COSTA MESA — Irene Shannon will never forget her mother's last anguished words: "God, please come and take me!"
"I have it on tape," Shannon said. "She was so low, she could barely talk, but she nearly shouted this. It was within a few hours of her death."
Her mother's struggle with death became a defining issue in Shannon's life, she says today, 15 years later. A self-described "crusader," Shannon said her mother's death directly led to her co-founding the Orange County chapter of the Hemlock Society in 1992. The group is dedicated to helping people die "with dignity."
"I learned about the politics of dying," Shannon, 73, said of her experience with her mother. "I discovered that doctors would not help someone unless you wanted treatment. If someone wants to die, they cannot help. They wouldn't even give my mother pain medicine unless she would take treatment."
Death--a topic most of us shrink from--comes up every day for Shannon. She answers the Hemlock Society's hotline and says she has discovered her mother's experience is shared by many others, mostly elderly people who have lost the will to live, Shannon said.
"Believe me, I was learning then, but I sure know now that there are a lot of elderly people out there who want to die. . . . They live alone and they have physical and mental problems, and they wish they could die. There is no quality of life left and no joy in living, and I empathize with them."
A neighbor of Shannon's, in her early 80s, is a typical case, she said. The woman is on the verge of losing her ability to function and wants to end her life but cannot, Shannon said.
"She goes to bed at night and hopes that she doesn't wake up," Shannon said. "She is at the point, and almost everybody gets there, where she can take care of herself, barely. But another day, or another week or another month and she is not going to be able to.
"Most people aren't afraid of death, they are afraid of the process of dying. They are afraid of what's going to happen in between. Most people want it to be instantaneous, but they know it probably won't be."
It is a subject most people don't discuss "until they have a personal experience," she said. "Except for some support groups set up to help someone through a particular illness, nobody is talking about dying. . . . Death and dying, in a lot of families, this is a subject that is not discussed. In my family, it's part of my life."
Shannon says she does not fear her own death.
"I am not afraid of it at all. I have been very close to it three times. I've had two heart attacks. But it doesn't scare me," she said.
The Hemlock Society is dedicated to recognizing the problems related to death and dying and to educating people on what they can do, Shannon said. In some states, the society goes out into the community to help the terminally ill. In Orange County, however, the counseling is done only over the telephone hotline, she said.
Shannon said the Hemlock Society would like terminally ill people to have the choice of deaths assisted by physicians or others, without putting the assistants in jeopardy of being charged with assisted suicide, a felony. The society avoids the word "suicide."
"Suicide used to be illegal, but it's not now," Shannon said. "But assisting a suicide is illegal. I wonder how. If something is not illegal, how can assisting someone with something that is not illegal be illegal? Does this make any sense?"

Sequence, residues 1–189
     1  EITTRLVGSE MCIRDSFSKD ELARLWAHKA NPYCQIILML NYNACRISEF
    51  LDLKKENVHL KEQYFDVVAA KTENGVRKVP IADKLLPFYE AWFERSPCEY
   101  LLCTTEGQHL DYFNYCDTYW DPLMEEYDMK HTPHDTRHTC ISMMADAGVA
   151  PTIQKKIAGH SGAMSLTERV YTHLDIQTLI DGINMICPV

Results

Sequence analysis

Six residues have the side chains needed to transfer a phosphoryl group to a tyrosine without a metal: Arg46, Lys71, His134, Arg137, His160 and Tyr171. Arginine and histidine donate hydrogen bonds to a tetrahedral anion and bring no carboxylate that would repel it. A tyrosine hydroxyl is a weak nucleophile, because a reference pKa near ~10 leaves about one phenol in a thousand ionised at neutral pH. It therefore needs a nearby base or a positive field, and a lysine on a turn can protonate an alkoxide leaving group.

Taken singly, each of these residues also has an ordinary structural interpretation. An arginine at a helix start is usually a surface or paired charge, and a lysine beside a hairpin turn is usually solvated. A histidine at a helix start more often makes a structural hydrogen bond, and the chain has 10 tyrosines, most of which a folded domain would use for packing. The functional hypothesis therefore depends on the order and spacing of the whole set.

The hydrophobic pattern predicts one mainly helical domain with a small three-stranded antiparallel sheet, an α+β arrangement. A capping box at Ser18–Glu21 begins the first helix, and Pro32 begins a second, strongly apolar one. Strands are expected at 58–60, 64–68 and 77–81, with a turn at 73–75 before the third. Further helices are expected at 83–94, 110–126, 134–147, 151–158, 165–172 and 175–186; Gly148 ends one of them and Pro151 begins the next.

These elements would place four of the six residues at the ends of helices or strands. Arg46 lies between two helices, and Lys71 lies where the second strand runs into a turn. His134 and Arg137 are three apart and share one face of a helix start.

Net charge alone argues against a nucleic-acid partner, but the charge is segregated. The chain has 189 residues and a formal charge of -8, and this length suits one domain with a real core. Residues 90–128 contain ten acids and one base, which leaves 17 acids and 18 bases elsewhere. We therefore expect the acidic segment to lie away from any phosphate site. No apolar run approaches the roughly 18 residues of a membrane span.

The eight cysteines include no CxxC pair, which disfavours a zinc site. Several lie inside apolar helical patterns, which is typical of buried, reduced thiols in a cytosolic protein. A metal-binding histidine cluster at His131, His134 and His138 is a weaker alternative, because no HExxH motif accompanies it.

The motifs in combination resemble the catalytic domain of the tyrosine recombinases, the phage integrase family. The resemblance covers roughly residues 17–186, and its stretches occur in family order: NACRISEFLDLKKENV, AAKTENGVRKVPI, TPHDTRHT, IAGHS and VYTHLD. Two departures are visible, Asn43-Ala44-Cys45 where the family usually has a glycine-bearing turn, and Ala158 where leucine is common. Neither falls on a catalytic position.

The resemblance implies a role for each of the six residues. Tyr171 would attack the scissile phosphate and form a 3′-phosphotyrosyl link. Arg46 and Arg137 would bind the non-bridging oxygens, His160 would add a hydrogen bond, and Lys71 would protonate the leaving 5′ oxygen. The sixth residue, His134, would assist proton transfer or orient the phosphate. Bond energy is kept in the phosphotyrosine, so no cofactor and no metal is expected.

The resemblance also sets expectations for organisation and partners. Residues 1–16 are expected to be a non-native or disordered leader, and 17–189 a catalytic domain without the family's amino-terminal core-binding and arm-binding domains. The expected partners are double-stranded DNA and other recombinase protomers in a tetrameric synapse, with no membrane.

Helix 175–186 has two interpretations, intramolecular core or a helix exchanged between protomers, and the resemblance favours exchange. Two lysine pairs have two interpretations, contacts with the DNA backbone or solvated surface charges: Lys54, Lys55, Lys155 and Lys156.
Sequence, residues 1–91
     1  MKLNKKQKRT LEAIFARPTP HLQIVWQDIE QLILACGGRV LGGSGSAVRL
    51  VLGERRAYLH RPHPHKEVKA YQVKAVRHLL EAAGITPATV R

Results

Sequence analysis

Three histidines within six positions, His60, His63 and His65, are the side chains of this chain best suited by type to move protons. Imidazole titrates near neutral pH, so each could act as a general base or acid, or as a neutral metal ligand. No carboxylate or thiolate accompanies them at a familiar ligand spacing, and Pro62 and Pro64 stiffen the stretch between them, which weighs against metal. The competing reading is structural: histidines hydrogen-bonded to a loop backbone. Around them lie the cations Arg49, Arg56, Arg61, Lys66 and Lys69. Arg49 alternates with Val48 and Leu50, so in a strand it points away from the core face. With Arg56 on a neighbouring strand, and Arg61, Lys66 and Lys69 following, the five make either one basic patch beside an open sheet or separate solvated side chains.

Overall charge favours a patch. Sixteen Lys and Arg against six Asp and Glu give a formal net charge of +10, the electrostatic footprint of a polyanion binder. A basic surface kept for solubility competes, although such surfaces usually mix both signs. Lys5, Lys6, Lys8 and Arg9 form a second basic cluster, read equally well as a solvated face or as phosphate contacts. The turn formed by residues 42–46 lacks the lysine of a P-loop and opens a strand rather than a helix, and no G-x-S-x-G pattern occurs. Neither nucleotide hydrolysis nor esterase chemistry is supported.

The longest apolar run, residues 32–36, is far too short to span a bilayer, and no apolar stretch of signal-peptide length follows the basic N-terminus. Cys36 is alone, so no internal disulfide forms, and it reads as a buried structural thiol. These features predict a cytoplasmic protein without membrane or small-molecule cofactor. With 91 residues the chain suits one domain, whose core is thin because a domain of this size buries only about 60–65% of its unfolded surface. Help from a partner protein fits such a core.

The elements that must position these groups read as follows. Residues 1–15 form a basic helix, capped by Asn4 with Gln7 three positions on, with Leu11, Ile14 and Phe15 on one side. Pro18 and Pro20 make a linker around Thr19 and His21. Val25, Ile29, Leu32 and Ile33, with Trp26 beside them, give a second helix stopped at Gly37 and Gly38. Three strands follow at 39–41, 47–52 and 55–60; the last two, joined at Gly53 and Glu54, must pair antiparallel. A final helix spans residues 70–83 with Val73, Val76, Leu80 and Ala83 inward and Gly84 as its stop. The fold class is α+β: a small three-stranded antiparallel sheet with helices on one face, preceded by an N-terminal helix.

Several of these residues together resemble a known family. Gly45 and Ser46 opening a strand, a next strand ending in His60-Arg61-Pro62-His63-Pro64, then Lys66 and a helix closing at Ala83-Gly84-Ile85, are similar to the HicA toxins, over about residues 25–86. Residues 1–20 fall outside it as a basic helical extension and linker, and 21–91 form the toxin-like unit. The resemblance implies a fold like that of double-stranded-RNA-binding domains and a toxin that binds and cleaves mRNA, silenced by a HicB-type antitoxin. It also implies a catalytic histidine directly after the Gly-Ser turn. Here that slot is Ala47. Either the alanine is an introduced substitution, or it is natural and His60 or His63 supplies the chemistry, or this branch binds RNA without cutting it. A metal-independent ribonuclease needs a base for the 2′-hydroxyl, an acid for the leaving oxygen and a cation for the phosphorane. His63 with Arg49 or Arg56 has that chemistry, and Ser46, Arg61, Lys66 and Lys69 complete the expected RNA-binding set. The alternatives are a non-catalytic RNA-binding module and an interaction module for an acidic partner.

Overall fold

Dying is a personal matter that should be left up to each of us, Shannon said.
"It's totally an individual thing," she said. "People should be able to do what they want in their own life, which includes their dying. People have a right to make their own choice."
Shannon has a sign on her telephone that instructs anyone who finds her in an emergency situation not to call 911, to call only her son.
"Emergency response people are mandated by law to resuscitate people unless they are wearing a green 'Do Not Resuscitate' band. I never want to undergo resuscitation. Very few people survive it, and most of them are incapacitated to a large extent."
But dying is becoming a political issue, thanks to the religious right and the anti-abortion movement, Shannon said.
"The evangelicals, who have been heavily anti-abortion, are now anti-euthanasia. These are two very different things. Abortion is about a mother's choice and the rights of an unborn child. In euthanasia, we are only talking about an individual's right to his or her own body by choice. There is no one else involved."
Dr. Jack Kervorkian, the Michigan physician who has challenged the country's laws by openly aiding 26 suicides, has succeeded in bringing the issue of dying into a debate among the public and within the medical profession as well, Shannon said.
"The medical profession operates under the idea that the only reason people might want to shorten their life is because they were in unbearable pain, which is not true," Shannon said. "Somebody told me recently that it's not the pain they were concerned about in dying, it's the suffering. The having somebody else have to help you do things like go to the bathroom, this going on for months and months, even years.
"It's the indignity of it all."
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Residence: Costa Mesa
Family: Divorced, three sons
Background: Attended Orange Coast College; county resident since 1959; worked as legal secretary and in real estate sales
On death and dying: "There are a lot of elderly people out there who want to die. . . . They live alone and have physical and mental problems and they wish they could die. . . . There is no quality of life left and no joy in living and I empathize with them."
Source: Irene Shannon
Los Angeles Times